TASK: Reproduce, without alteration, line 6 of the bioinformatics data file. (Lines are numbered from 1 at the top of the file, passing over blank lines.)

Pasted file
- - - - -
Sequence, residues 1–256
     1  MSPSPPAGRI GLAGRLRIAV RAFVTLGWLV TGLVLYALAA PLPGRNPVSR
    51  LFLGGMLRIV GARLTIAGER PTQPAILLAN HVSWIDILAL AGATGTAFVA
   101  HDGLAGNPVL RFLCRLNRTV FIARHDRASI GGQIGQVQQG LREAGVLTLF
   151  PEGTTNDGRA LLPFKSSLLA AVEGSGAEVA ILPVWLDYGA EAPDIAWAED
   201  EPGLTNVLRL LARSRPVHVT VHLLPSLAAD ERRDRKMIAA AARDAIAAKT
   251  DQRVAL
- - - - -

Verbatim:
   201  EPGLTNVLRL LARSRPVHVT VHLLPSLAAD ERRDRKMIAA AARDAIAAKT